Reviews — May 30
It seems appropriate to end my 14-year run of weekly DVD reviews with two films that, in their own way, got me started as a film buff.
My first film in a theater was in 1974. I was eight years old, and my mom took me to see the re-release of Disney’s 1951 “Alice in Wonderland” at the Star Cinema in Stayton (which is, amazingly, still independently owned and operated)! I was thrilled as much by the surreal imagery as I was the sound – big, spectacular sound, enough to more than fill a 300-seat auditorium. To go from a small, black-and-white box in our living room to that kind of immersive entertainment was electrifying.
Equally exciting (and a little upsetting) was seeing a trailer for a terrific little science fiction thriller called “Westworld,” which was released in 1973 but didn’t show up at the Star until the following year.
This was clearly a movie I would not have been allowed to see at that age, and yet there it was – the forbidden cinematic fruit of a PG-rated film!
Or at least, a few breathtaking moments of one: A conveyor belt delivering mangled robot “corpses” into a white, bunker-like laboratory for overnight repair; Yul Brynner’s scowling face being lifted neatly and bloodlessly from his skull to reveal the circuitry (but no Intel) inside.
“Alice in Wonderland” remains as deliriously demented now as it was then, with surrealism that gives your eyeballs a workout while tickling your imagination. And I’m still fond of “Westworld,” having seen it repeatedly years later on TV. It was pure sci-fi, and smart enough to stage virtually all the horror (about robots running amok in an adult amusement park) in broad daylight and brightly-lit rooms. It’s one of the better adaptations of Michael Crichton’s novels, and he directed this one himself.
“Alice in Wonderland” (1951) With multiple directors and featuring the voices of Kathryn Beaumont as Alice, Ed Wynn as the Mad Hatter and Sterling Holloway as the Cheshire Cat. 75 minutes. Rated G.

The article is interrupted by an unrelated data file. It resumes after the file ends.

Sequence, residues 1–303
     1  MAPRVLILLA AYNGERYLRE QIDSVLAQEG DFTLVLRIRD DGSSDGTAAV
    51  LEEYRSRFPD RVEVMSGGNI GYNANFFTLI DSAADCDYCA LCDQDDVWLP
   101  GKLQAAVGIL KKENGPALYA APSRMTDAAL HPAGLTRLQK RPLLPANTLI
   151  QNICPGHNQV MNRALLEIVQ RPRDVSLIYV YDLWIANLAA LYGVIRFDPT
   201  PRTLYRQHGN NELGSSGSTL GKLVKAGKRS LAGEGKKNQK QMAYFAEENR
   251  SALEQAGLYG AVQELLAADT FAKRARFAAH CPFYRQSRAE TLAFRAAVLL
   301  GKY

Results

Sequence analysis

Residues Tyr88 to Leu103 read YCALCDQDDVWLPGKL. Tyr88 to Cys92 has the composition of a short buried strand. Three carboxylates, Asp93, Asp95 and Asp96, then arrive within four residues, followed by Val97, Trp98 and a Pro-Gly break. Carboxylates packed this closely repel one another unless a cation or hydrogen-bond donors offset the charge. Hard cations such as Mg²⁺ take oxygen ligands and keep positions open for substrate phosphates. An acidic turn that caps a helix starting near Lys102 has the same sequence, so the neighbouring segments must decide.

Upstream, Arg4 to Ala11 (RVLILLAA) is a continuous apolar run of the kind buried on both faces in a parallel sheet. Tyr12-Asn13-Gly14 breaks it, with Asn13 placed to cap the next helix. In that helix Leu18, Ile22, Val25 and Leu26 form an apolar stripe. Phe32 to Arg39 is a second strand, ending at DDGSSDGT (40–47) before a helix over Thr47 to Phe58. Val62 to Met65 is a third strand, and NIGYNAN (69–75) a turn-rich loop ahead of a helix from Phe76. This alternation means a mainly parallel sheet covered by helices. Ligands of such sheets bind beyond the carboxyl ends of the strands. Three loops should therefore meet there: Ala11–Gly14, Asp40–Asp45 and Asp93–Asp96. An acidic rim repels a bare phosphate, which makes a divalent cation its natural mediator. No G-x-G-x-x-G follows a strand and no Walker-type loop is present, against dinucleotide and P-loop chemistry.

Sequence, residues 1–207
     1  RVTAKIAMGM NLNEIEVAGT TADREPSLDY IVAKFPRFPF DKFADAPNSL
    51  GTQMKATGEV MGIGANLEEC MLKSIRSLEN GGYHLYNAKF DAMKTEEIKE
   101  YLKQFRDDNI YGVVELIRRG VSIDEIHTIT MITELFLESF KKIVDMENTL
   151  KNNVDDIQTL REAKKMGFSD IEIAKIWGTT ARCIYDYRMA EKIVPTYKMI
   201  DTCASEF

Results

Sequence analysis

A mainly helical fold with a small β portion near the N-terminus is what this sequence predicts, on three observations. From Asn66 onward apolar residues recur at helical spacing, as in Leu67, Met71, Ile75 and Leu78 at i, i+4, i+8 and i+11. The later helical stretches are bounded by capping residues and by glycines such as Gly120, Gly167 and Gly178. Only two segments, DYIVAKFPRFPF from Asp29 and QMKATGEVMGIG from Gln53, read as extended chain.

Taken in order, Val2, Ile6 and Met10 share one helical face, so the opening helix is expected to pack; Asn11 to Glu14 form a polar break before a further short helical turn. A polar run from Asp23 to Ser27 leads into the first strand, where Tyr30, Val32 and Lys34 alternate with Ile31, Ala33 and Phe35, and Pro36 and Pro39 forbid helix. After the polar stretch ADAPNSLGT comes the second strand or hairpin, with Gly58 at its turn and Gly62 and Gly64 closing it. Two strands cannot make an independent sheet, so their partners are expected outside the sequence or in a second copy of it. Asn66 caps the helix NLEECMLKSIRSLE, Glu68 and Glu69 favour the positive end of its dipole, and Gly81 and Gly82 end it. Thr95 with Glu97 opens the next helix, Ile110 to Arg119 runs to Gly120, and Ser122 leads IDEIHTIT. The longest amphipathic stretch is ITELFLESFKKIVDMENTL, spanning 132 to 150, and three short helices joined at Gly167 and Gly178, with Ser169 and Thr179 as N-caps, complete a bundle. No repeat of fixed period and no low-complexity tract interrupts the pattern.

“Westworld” (1973) Directed by Michael Crichton. Starring Yul Brynner, James Brolin and Richard Benjamin. 88 minutes. Rated PG.
- David Bates
The narrator welcomes home her grown children and her grandchildren as “The Abundance” opens. For the first time in years, everyone — including her son, who usually spends special days with his in-laws, is home in Ohio for Christmas — a holiday this Indian-American family doesn’t really celebrate, but a holiday nonetheless. And, although her son won’t discuss why he’s not with his wife this Christmas, the gathering promises to be joyous.
If, that is, Mom can keep quiet about some awful news: She has been diagnosed with terminal cancer.
“This is their last visit before things change,” she tells her husband when he questions her secrecy. She wants things to be normal as long as possible; she doesn’t want to be treated kindly solely because she is ill, or discussed by others as if she were already dead.
While Mom is still strong enough, she continues to cook the fiery, complex Indian dishes on which her children grew up. Later, after discovering Mom is sick, daughter Mala begins learning to cook the Indian food, as well.
As they work together in the kitchen, side-by-side at first, and later with Mala at the stove and Mom directing from the sidelines, the food brings them closer than they’ve ever been. And Mala’s brother tries to become part of this bonding, as well.
It’s a story of immigrants and their first-generation American offspring, parents and children, traditions and new understandings. And author Amit Majmudar, who writes poetry as well as prose, gives readers some beautiful and insightful turns of phrase.
For example, here the narrator talks about visiting her own mother in India after a decade in the U.S. The family home has been sold, and her mother, like many of her generation, has moved to a “modern” apartment.
“Her building had started out a fresh pink, but one monsoon later, water damage wept gray down the walls. Television antennae came to bask and breed on the terraces like bold insects. In time, these gave way to satellite dishes, which flowered and let down black tendrils... Damp sarees waved surrender off balcony clotheslines.”
“The Abundance,” by Amit Majumdar, Metropolitan Books, 2013.
- Starla Pointer